Fire Emblem veterans likely remember the Rescue ability in older games. This allowed players to pick up a character to prevent them from getting harmed. While that feature is no longer in the game, the Pair Up function works in a similar fashion as the ‘carried’ unit is no longer able to be harmed. The Pair Up ability also allows us to do something I like to call ‘double advancing’.

In Fire Emblem: Fates there are some missions where the objective is to escape. To do so, a certain unit must reach the escape point, else face a never ending swarm of enemies. This is where Double Advancing (or DA) makes its utility clear. By pairing up with any unit with high mobility, one character with low movement ratings can reach the other side of the map in no time at all.

The ability can also be used for offensive or defensive purposes. take for example the image below:

For a moment, let’s pretend Azura was re-classed into an offensive class, and that the enemy (red square) has a weapon that the Sky Knight is weak against. By pairing up with the Sky Knight, Azura can fight the enemy by first moving the pair to the enemy, then selecting Switch before selecting Attack. This way, the Sky Knight is now the supporting unit, and Azura can attack the enemy without fear of being at a disadvantage.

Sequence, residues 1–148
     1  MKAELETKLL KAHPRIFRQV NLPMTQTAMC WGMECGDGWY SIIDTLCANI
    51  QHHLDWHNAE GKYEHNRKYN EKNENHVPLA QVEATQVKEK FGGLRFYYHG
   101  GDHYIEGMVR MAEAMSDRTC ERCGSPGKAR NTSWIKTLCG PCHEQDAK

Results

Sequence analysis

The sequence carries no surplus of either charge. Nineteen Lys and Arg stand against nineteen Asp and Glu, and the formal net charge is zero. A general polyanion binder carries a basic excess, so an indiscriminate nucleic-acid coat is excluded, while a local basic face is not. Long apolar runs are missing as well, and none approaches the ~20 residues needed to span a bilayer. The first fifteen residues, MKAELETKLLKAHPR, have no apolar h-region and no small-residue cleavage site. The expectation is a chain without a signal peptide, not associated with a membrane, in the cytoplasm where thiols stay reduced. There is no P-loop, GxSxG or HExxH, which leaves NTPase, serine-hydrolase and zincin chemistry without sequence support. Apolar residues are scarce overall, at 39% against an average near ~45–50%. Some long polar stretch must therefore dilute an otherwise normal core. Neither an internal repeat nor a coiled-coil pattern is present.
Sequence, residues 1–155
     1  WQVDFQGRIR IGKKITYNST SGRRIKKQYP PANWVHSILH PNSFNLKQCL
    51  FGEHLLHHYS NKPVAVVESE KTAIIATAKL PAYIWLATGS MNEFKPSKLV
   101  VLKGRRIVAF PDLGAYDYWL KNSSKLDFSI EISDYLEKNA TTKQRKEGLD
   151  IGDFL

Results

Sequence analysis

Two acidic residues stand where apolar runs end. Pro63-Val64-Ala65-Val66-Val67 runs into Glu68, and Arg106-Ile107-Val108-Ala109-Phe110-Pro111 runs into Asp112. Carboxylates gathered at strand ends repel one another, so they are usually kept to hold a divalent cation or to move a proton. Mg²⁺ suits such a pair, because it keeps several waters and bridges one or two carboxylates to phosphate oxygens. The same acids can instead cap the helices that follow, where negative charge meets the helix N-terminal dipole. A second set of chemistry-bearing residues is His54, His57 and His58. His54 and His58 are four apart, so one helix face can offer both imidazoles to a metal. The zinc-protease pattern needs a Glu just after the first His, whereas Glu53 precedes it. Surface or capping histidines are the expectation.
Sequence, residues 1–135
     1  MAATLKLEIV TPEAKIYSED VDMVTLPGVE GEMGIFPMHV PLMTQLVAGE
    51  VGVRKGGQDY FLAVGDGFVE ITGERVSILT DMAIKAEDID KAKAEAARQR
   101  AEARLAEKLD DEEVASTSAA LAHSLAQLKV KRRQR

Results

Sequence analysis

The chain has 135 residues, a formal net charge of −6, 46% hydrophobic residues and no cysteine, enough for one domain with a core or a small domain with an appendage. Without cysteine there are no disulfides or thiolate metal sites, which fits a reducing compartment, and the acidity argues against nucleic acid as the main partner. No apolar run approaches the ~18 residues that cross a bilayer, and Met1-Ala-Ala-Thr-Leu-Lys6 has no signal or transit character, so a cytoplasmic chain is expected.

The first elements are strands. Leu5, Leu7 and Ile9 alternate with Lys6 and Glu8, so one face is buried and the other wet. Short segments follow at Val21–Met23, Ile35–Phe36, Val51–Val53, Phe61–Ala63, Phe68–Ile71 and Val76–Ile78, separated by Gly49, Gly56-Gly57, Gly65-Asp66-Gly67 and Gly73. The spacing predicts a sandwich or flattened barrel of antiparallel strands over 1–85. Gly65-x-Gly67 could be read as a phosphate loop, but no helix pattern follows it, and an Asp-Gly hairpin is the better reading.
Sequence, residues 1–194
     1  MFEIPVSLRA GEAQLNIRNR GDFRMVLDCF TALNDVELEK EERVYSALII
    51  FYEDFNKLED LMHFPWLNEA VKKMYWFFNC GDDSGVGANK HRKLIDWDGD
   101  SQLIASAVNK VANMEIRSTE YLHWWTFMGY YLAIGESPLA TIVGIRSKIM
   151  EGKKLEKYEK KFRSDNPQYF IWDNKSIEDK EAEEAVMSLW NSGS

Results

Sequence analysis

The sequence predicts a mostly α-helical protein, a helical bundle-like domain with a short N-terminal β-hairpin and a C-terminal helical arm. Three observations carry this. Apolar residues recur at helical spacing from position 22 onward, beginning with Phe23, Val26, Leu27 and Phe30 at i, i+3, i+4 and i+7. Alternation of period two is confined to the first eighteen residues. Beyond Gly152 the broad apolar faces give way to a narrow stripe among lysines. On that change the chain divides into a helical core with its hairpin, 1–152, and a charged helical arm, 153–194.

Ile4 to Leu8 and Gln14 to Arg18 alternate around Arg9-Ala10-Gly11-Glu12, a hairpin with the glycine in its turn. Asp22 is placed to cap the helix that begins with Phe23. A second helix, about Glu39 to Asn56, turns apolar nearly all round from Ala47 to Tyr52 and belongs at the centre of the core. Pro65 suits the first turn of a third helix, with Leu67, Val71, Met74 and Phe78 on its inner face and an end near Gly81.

This can also be used with healers, dancers, and more. When used carefully, some missions can be completed in seconds, such as in this video below:

Pretty neat, huh? (Video courtesy of Nick Robinson via Youtube)

General tips for higher difficulty playing

While there are a number of things you shouldn’t do during a casual run of the game, some are arguably useful in harder difficulties. Here are some of the more… controversial strategies.

Promoting units before they reach level 20

This is often considered one of the big no-nos of Fire Emblem. Promoting your units before they reach level 20 causes them to miss out on a lot of stat points that they could be using once they reclass or get promoted. However, as any Fire Emblem 7 player who has gone through Hector’s Hard Mode will attest, sometimes you just need that extra firepower a bit early.

Promoting to an advanced class before level 20 means getting some better skills earlier than you would. It also grants you some early game advantage as some weaker units gain considerable stats during their promotion. That said, units who are promoted early can suffer later on in the game due to their lower general stats. As such, consider promoting a handful of units, and using those units as a proxy for training your weaker units who have higher potential in the late game.

Play safer than you would normally

Hard and Lunatic mode are no place for people who don’t want to properly strategize. While it may be tempting to throw your warriors at any enemy they can take down in one turn, sometimes this can lead to their deaths. Remember to use the X button and highlight nearby enemies before making a move. This can ensure that there are no opponents that will flank your lone soldier and turn them into worm food.